It did not occur to the commission, Xiong said, that the individuals might be acting collectively on behalf of a “price-rigging mastermind”。
  Abolishing 'redline'
  Further, the proposed reforms abolish the “25 percent” redline. According to IPO policies that prevailed last year, if the price-earnings ratio of the IPO is 25 percent higher than for comparable companies, the issuer must call a board meeting and submit an explanation to the CSRC. In that situation, the commission could order the issuer to reset the IPO price. Now, issuers would only have to release an explanation for the above-average prices and warn investors of potential risks.
  Some analysts see the entire reform package as nothing more than tinkering with technical problems. Hua Sheng, a veteran economist and president of the Beijing Yanjing Overseas Chinese University, said that the proposal does not touch the most important issue - approval rights. The decision on conducting an IPO remains in the hands of the CSRC, rather than the market.
  Lin Yixiang, chair of Beijing-based TX Investment Consulting, agreed with Hua's opinion that the reform sidesteps the question of “who decides who can go public”. If the approval process remains the same, it is hard to make any breakthroughs.
  Hua and Lin suggest the regulatory should loosen its control and leave it to the issuers and buyers themselves to decide when to go public, at whatever price, and whether or not the stocks are worth buying.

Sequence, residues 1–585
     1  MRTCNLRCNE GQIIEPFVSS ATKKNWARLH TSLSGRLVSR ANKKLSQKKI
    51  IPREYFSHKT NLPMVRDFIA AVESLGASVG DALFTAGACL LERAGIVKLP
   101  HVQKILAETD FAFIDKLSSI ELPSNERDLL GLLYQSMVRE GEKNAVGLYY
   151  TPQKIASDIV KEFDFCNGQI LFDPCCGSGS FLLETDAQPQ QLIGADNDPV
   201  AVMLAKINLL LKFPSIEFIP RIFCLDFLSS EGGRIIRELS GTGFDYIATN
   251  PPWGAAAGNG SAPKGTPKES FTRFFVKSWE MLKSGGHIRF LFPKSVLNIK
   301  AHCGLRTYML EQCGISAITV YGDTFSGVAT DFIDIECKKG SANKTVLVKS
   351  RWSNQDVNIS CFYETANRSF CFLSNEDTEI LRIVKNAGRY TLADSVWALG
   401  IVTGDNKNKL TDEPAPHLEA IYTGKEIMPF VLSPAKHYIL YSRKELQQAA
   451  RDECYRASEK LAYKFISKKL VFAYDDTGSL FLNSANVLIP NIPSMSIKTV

Xiong, however, is against the idea of loosening administrative power prematurely. The mainland stock market is still in its infancy, he said, and without CSRC oversight, issuers wouldn't wait to go public at any time, regardless of market conditions. This is because once listed, issuers have many prerogatives.
  When companies see the stock market as an ideal place to rip off ignorant investors, lack of government involvement will do more harm than good.
  Apart from increasing the accountability of issuers and underwriters, Ke Jingmin, a financial commentator, said the regulator itself should assume more responsibility.
  Based on the principle of “with power comes responsibility”, the CSRC must be accountable for giving the green light to IPO applicants who are later involved in fraudulent conduct.
  The current system misleads investors into believing that companies that passed the CSRC's approval process are trustworthy, Ke said.
  However, scandals such as those involving Green-land Biological Technology and Wanfu Biotechnology demonstrate that the CSRC's endorsement can't necessarily be relied on. The agency needs to be responsible for any approval it is going to grant, Ke added.
  Since IPO reform no longer produces significant results, said Xiong, the CSRC should instead take tough steps to crack down on secondary market price manipulation to end fraudulent behavior.
  The draft reforms also said that applicants waiting for IPO approval could issue bonds in the meantime to diversify their financing sources. Once approval is obtained, companies can choose the timing of the issue on their own.